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Evaluation of the long-term pancreatic effects of constitutive nitric oxide synthase inhibition in dogs

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Constitutive and inducible isoforms of nitric oxide synthase (NOS) catalyze the synthesis of nitric oxide (NO) from L-arginine in various tissues and in different pathophysiologic states. Short-term treatment with NOS inhibitors has been associated with pancreatic enzyme elevations and pancreatic acinar cell degeneration; however, long-term pancreatic effects of NOS inhibition are not known. The purpose of this study was to evaluate the subchronic pancreatic effects of L-nitro-arginine (LNA), a compound that preferentially inhibits constitutive NOS isoforms. LNA was administered orally at doses of 10 and 30 mg/kg per day to 6 female dogs/group for 4 weeks. To differentiate whether the pancreatic effects of LNA may be related to its arginine structure, an additional group was given L-arginine (L-Arg) at plasma concentrations similar to the high dose of LNA (30 mg/kg per day). Pancreatic effects were monitored by changes in serum levels of pancreatic enzymes at regular intervals and by microscopic examinations at the end of the study. Both LNA and L-Arg were systematically available throughout the 4-week study period. LNA produced dose-related elevations (1.3–10-fold above concurrent control) in serum levels of pancreatic enzymes (amylase, lipase and trypsin-like immunoreactivity) during the 4-week treatment period with peak elevations occurring during the first week. Histologic assessments of the pancreas conducted at the end of the 4-week dosing period were unremarkable. Additionally, LNA treatment resulted in reduction in heart rate (40%), gastric distension and gastric mucosal erosion and ulceration. No pancreatic, cardiac, or gastric effects were seen with L-Arg, indicating that above effects were likely due to NOS inhibition. Results of this study confirmed previous observations of acute pancreatic alterations following the inhibition of constitutive NOS isoforms. However, these pancreatic alterations appear to be only transient effects as elevations in serum enzymes declined over time and no structural acinar cell damage was seen after continuous treatment with LNA for 4 weeks, suggesting an adaptation to NOS inhibition over time.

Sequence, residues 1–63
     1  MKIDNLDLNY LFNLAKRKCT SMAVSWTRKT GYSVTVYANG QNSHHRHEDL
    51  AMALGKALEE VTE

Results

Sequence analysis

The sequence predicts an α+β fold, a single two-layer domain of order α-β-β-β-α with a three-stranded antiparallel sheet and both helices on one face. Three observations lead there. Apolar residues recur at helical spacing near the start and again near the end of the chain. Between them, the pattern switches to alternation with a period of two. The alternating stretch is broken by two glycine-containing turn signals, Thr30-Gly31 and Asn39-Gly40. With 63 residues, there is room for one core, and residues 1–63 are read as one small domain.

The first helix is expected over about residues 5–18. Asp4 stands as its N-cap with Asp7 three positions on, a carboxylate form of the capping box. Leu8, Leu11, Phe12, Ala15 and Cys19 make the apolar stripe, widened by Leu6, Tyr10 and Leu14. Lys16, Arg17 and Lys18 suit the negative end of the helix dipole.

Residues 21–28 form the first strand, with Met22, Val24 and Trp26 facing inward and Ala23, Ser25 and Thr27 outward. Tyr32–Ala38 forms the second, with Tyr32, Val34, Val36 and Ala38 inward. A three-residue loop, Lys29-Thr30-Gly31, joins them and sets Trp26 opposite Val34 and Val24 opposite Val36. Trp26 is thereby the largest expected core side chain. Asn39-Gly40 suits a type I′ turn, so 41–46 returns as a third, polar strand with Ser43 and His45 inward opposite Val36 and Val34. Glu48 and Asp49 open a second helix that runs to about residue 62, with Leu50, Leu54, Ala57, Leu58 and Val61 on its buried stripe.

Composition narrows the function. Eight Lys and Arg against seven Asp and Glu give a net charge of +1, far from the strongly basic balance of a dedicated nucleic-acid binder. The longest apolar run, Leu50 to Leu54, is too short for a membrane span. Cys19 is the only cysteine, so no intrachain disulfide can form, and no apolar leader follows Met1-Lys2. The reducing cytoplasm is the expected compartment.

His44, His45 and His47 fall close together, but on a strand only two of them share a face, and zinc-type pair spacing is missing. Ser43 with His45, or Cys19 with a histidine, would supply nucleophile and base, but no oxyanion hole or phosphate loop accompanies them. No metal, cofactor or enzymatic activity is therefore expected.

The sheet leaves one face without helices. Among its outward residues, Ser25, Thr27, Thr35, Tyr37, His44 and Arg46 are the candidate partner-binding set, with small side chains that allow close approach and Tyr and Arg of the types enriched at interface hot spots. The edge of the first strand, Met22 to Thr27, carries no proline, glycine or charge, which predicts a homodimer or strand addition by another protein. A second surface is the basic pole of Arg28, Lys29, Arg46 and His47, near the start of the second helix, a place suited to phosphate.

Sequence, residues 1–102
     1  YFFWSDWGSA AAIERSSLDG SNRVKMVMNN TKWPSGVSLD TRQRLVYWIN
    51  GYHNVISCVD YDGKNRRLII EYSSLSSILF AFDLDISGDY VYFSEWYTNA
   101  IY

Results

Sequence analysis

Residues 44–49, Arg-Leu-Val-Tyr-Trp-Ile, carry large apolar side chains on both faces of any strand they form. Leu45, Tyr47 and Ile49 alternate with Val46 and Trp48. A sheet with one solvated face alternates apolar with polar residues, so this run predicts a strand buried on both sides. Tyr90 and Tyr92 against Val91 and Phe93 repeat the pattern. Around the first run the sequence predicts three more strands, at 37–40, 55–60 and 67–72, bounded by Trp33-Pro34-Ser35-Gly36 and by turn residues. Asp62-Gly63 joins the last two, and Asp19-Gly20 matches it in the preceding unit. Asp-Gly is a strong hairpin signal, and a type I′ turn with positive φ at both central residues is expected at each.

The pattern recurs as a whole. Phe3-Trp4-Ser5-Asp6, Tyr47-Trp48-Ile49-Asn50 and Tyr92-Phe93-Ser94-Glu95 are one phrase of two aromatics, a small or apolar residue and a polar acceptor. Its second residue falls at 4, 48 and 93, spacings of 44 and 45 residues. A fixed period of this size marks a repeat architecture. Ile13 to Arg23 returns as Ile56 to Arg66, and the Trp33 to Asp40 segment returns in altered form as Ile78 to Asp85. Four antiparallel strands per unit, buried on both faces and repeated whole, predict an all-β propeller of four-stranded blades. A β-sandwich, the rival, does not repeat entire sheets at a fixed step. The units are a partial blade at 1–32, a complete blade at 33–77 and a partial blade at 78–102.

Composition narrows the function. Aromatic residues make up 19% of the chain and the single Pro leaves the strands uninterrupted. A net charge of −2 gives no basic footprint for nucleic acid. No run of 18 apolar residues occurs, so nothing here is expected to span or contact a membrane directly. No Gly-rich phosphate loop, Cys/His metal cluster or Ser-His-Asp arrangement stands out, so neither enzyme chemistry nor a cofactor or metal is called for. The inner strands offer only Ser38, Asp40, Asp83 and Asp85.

Affiliations: 1: Pfizer Corporation, 4901 Searle Parkway, Skokie, IL 60077, USA

10.1163/156856004773121356
/content/journals/10.1163/156856004773121356
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/content/journals/10.1163/156856004773121356
2004-02-01
2016-12-08

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